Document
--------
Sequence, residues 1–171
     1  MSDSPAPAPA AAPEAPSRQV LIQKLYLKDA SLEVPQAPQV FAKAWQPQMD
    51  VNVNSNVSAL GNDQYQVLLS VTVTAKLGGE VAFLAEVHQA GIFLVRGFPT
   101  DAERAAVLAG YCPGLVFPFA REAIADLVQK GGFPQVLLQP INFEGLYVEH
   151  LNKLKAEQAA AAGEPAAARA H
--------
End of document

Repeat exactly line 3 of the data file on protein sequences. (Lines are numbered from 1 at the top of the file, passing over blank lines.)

    51  VNVNSNVSAL GNDQYQVLLS VTVTAKLGGE VAFLAEVHQA GIFLVRGFPT